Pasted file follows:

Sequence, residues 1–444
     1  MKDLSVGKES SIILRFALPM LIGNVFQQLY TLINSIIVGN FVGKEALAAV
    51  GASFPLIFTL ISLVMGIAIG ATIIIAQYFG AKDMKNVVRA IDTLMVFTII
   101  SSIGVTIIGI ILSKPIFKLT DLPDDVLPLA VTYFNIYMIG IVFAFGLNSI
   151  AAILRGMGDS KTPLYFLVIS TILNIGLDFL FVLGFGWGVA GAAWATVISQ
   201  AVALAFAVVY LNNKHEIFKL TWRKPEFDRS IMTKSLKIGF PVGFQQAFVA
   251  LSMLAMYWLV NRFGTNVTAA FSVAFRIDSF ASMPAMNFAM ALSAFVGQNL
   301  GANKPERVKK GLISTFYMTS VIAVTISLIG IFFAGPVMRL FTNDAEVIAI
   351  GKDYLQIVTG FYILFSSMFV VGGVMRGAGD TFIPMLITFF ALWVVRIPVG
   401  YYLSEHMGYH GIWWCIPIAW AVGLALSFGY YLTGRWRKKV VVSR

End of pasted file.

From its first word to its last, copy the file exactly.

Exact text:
Sequence, residues 1–444
     1  MKDLSVGKES SIILRFALPM LIGNVFQQLY TLINSIIVGN FVGKEALAAV
    51  GASFPLIFTL ISLVMGIAIG ATIIIAQYFG AKDMKNVVRA IDTLMVFTII
   101  SSIGVTIIGI ILSKPIFKLT DLPDDVLPLA VTYFNIYMIG IVFAFGLNSI
   151  AAILRGMGDS KTPLYFLVIS TILNIGLDFL FVLGFGWGVA GAAWATVISQ
   201  AVALAFAVVY LNNKHEIFKL TWRKPEFDRS IMTKSLKIGF PVGFQQAFVA
   251  LSMLAMYWLV NRFGTNVTAA FSVAFRIDSF ASMPAMNFAM ALSAFVGQNL
   301  GANKPERVKK GLISTFYMTS VIAVTISLIG IFFAGPVMRL FTNDAEVIAI
   351  GKDYLQIVTG FYILFSSMFV VGGVMRGAGD TFIPMLITFF ALWVVRIPVG
   401  YYLSEHMGYH GIWWCIPIAW AVGLALSFGY YLTGRWRKKV VVSR